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Severe Panic Disorder During Pregnancy: How To Cope

written by: Jennifer Gunnerson • edited by: Paul Arnold • updated: 7/10/2010

Some expectant mothers who suffer from severe panic disorder during pregnancy may experience an increase in the frequency of panic attacks, while others may find that their symptoms decrease. Find out what triggers panic attacks during pregnancy, and what women can do to control them.

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    Severe Panic Disorder During Pregnancy

    It is estimated that more than 30% of women will experience a form of anxiety disorder in their lifetime. For these women, becoming pregnant may complicate their current treatment plans and force them to seek alternative therapies. In the third trimester, women experience increased neurotransmitter activity; some studies indicate that this increased activity and other biological changes could possibly act as a trigger for panic attacks. The course that severe panic disorder takes during pregnancy can vary greatly from case to case. While some women who suffer from severe panic disorder may experience a reduction in their symptoms during pregnancy, others may experience an increase in panic symptoms.

    Women who experience a reduction in panic symptoms during pregnancy may wish to reduce or discontinue their medication. Using relaxation techniques can help women to manage the symptoms that remain. Deep breathing exercises, whether learned through the practice of yoga, meditation or from a licensed therapist, may help pregnant women to relax the body and calm the mind at the onset of an attack.

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    Managing the Symptoms of Panic Disorder Through Nutrition, Exercise and Rest.

    Another important factor in managing severe panic disorder during pregnancy is nutrition. A well balanced diet, free from caffeine, nicotine, alcohol and non-prescription drugs is not only important for the health of the unborn baby, it can play a vital role in helping the expectant mother control her panic symptoms. A diet rich in foods containing tryptophan may help to naturally relax the body. Foods such as; milk, nuts, cheese, bananas, oats, sesame seeds and soy are great sources of tryptophan.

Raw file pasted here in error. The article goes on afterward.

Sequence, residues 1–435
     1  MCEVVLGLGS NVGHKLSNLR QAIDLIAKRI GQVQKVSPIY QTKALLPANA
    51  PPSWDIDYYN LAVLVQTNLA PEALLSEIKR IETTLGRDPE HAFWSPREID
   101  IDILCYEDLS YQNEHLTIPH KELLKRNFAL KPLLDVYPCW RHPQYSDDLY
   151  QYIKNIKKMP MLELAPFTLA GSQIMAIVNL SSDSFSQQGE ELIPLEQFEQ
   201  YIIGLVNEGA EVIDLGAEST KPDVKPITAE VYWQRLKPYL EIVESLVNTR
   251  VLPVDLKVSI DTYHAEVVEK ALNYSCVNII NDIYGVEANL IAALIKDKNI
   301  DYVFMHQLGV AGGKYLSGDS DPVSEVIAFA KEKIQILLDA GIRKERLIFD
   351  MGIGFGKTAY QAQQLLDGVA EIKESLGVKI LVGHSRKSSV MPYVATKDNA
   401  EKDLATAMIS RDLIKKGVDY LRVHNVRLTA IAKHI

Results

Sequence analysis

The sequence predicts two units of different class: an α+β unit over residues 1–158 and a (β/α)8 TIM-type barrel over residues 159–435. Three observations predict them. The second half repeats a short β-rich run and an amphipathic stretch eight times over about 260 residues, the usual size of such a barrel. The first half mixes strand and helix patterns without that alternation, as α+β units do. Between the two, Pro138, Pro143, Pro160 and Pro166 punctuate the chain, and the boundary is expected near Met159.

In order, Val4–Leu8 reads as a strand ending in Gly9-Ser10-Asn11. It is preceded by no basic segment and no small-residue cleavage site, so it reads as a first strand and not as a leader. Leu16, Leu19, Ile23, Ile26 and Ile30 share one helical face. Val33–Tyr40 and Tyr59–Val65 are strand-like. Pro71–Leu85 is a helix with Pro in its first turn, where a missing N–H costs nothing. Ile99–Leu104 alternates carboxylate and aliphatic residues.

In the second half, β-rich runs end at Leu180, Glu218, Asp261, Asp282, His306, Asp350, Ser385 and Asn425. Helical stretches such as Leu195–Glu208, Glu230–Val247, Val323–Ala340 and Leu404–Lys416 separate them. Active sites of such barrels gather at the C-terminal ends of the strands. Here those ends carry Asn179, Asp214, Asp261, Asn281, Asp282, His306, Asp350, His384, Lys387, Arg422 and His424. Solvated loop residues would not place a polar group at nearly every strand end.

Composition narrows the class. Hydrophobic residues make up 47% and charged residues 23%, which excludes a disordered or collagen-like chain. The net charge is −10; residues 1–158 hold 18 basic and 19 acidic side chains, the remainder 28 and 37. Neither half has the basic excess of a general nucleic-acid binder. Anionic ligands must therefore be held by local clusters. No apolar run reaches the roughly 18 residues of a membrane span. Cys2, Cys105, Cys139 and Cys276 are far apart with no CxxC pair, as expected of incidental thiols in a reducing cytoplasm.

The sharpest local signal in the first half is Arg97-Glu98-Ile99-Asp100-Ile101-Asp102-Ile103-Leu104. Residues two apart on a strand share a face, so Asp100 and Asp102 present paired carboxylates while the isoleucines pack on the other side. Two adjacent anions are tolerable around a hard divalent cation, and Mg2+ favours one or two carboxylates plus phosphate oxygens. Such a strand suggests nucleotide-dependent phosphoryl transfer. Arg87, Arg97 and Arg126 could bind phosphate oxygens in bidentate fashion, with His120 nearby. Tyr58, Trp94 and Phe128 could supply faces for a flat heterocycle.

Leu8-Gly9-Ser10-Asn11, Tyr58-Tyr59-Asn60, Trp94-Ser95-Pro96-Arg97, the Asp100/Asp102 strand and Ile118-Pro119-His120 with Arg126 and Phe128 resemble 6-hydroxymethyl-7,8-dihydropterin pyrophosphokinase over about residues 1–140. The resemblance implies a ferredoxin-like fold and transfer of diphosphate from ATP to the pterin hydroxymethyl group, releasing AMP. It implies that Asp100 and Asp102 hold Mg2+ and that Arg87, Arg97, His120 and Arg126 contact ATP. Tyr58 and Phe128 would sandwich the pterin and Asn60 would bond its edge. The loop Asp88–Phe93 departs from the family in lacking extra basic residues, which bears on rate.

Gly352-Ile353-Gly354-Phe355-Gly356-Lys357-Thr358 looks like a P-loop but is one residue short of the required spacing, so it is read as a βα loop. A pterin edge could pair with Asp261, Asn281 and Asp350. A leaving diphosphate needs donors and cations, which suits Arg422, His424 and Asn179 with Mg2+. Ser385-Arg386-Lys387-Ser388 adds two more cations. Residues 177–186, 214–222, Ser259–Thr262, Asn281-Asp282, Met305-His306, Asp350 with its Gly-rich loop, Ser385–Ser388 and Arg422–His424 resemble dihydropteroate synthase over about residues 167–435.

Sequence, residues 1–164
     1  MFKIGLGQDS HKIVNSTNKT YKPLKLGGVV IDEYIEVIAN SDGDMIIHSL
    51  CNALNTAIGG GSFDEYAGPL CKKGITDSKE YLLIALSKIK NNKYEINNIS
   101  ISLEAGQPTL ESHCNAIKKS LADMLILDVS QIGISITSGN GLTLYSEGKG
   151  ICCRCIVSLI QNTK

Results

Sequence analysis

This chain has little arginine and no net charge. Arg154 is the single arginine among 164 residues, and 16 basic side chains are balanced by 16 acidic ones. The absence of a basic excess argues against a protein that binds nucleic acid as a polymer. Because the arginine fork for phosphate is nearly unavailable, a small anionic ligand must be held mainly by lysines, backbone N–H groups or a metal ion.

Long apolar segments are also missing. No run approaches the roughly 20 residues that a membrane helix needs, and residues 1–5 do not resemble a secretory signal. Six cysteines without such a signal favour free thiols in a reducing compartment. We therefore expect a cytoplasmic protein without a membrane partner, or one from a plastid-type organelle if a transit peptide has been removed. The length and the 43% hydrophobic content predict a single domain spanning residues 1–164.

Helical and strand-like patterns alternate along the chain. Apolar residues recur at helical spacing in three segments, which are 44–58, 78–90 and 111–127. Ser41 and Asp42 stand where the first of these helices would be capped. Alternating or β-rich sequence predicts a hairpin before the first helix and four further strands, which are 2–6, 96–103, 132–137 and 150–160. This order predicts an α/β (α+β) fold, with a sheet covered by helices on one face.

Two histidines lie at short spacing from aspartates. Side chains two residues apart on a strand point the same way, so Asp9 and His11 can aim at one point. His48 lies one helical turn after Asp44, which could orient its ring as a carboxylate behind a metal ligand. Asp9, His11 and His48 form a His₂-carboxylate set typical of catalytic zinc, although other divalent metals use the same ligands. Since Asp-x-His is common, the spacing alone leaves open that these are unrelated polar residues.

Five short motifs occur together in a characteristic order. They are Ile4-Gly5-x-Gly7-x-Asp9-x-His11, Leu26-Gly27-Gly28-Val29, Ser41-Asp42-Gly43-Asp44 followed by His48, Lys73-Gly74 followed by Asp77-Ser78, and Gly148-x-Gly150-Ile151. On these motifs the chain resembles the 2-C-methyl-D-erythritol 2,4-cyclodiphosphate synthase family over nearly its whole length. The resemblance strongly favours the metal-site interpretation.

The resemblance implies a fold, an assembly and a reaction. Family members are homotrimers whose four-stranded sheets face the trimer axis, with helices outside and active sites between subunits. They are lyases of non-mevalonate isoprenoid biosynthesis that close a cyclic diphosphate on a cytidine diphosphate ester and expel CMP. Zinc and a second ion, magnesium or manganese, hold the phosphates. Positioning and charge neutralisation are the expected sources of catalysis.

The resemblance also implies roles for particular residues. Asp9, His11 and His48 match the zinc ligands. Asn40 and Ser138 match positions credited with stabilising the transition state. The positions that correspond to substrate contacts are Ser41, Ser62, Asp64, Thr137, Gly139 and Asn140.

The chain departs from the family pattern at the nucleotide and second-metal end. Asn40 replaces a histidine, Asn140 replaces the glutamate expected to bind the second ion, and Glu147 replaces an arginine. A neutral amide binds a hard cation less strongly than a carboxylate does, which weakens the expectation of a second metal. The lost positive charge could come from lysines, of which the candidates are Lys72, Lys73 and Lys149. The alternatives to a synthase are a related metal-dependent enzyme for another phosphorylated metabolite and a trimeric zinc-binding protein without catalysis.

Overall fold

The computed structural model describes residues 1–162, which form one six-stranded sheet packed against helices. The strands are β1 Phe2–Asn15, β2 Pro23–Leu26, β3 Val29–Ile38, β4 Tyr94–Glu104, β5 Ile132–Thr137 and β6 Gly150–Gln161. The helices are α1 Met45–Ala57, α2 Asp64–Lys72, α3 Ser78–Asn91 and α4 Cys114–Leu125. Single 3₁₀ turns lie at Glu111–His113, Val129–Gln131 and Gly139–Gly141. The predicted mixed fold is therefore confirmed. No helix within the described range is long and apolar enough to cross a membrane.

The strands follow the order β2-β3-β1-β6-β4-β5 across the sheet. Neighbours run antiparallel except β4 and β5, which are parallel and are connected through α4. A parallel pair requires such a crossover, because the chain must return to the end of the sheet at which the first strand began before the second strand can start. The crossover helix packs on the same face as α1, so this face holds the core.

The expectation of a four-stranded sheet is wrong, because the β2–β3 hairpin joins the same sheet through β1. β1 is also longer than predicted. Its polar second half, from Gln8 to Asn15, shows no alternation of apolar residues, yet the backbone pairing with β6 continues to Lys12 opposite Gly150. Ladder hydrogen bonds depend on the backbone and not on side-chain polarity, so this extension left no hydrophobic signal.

Along with a healthful diet, a pregnant woman should also be sure to do plenty of low impact exercises. Exercise can be an effective way to relieve anxiety and stress, both of which can trigger panic attacks. Walking, swimming and yoga are all good examples of low impact exercise that may be effective in managing the symptoms of severe panic disorder. Expectant mothers should check with their doctor before beginning any exercise routine.

    Maintaining healthy sleep habits can also play an important role in managing panic attacks during pregnancy. Rest is an essential part of any healthy lifestyle, but is especially important for women who are expecting. Lack of sleep can adversely effect mood and trigger anxiety and panic.

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    Conclusion

    Keep in mind that it is not uncommon for women who suffer from extreme panic disorder to continue to experience panic attacks during pregnancy. This is especially common if a woman who was able to stabilize her symptoms before pregnancy suddenly discontinues her medication after discovering the pregnancy. A woman should always consult with her doctor before discontinuing or altering her prescribed medication for panic disorder. In some cases, a woman’s doctor may wish to alter the dosage or type of medication. A doctor will be able to weigh the possible side effects of medication with the potential harm that the untreated panic disorder may cause to the mother and baby.

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    References

    1) http://copingwithpanicattacks.net/panic-attacks-during-pregnancy-how-will-it-affect-your-baby

    2) http://www.ncbi.nlm.nih.gov/pmc/articles/PMC1163270/

    3) http://www.bcwomens.ca/Services/HealthServices/ReproductiveMentalHealth/PsychiatricDisorders/Panic+Disorders.htm